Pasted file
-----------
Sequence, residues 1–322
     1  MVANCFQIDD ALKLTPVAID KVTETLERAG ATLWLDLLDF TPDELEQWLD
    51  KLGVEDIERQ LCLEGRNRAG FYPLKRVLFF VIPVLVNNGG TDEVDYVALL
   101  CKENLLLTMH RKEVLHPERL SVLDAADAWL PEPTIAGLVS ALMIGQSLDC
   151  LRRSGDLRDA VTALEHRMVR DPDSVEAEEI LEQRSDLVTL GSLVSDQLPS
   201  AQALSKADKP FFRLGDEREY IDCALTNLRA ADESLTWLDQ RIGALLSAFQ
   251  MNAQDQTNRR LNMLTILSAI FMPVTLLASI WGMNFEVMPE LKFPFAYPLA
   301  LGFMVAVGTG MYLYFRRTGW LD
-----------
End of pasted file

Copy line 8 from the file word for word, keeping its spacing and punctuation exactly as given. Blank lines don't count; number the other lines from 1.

   301  LGFMVAVGTG MYLYFRRTGW LD